Fig. 5: Interaction between pH, Alkalinity and VFA in EGSB Reactor

In anaerobic biodegradation sulphate and methane production values are important for H2S toxicity. Also COD/SO4ratio should be above 10 for process control. During the sulphate removal, COD removal can be negatively affected and biogas production can be inhibited. The COD/SO4 ratio in this study was 20 which is higher than 10 indicating that the process was in the safe range for this parameter (Fig. 6.a).

Phosphate is another very important parameter providing an optimum C/N/P ratio for methanogenic activity. The influent’s phosphate values were determined between 40-180 mg l-1 and effluent’s values were calculated between 30-120 mg l-1 (Fig 6.b). Nitrogen is also important for the C/N/P ratio and the bacterial activity (Ozturk, 1999). Especially, free ammonia concentration is of importance at pH>7.5. In this study, non-ionized NH3 concentrations were found to be between 50 to 200 mg l-1 which is in safe range (Fig. 6.c).

Result of BMP Experiments for Solid Wastes

In this study, Biochemical Methane Production protocol was used to investigate the bioenergy potential of solid wastes at Türk Tuborg plant. Anaerobic inoculum which was taken from Izmir-Pakmaya A.Ş was used throughout the BMP tests.  Both total biogas and methane gas were measured continuously.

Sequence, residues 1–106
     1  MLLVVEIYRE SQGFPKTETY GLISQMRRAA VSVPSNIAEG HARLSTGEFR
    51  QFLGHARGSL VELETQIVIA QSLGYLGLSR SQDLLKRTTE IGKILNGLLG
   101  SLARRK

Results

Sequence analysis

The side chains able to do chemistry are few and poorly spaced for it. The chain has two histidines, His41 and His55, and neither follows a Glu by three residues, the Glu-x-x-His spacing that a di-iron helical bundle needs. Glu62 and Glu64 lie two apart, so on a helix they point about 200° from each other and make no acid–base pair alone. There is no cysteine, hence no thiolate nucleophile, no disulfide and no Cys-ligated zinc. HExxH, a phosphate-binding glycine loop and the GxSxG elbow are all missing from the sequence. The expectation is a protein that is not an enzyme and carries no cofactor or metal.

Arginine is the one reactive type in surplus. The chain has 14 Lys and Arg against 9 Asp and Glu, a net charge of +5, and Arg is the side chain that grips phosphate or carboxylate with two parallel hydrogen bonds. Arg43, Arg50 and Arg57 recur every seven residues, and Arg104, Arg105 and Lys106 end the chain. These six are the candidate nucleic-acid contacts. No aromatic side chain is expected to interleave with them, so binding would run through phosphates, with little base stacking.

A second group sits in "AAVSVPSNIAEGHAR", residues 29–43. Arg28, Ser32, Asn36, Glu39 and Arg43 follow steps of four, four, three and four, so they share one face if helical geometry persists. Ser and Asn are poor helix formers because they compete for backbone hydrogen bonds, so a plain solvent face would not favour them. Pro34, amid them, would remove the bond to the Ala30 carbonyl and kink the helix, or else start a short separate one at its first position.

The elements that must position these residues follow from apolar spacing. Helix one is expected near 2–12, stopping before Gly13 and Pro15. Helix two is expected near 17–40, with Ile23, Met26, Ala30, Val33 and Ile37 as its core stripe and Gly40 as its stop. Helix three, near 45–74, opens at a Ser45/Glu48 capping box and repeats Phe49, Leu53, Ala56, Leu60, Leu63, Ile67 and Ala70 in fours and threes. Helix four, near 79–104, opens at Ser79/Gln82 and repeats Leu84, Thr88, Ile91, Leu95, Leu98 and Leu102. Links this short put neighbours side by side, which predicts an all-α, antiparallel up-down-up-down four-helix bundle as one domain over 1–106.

The organic solid waste generation in Türk Tuborg varies between 2250-3200 ton per month in parallel to the beer production which is in the range of 11000-16000 tons per month. In total, annual solid waste generation from beer production is estimated to be around 35000 tons per year in Türk Tuborg. In order to estimate the bioenergy content of these wastes, BMP tests were carried out for approximately 77 days using various solid waste materials as shown in Fig.7.  As it is clearly seen from the lag time and total gas production values given in Fig.7, grid wastes seem to be more amenable to anaerobic digestion than malt wastes. Malt wastes started to produce biogas only after 20 days of incubation while the grid wastes started to show gas production in almost a few days of incubation. In terms of total biogas production, again the grid wastes produced much more biogas (1000 ml) than malt wastes (450 ml). It was also observed that increasing dry matter content in the reactors negatively affected the total biogas production. For example, malt wastes with a dry matter content of 10% produced a total of 1100 ml while the same solid substrate with a higher solid content (17.5%) produced only 450 ml biogas. The similar trend was also observed for grid wastes, the total gas production for dry matter content of 17.5% dropped from 1300 ml to 1000 ml. Methane content of the total biogas was started to be monitored in a few days of the incubation in all assays, except for the malt sample with a dry matter content of 17.5% which needed 20 days for the start of gas production. The maximum methane production was noticed after 55 days of incubation (Fig. 7). Biogas production in each test bottle continued at least for 75 days. All the biogas production values were normalized to a unit amount of solid material in each test bottle as shown in Table 3.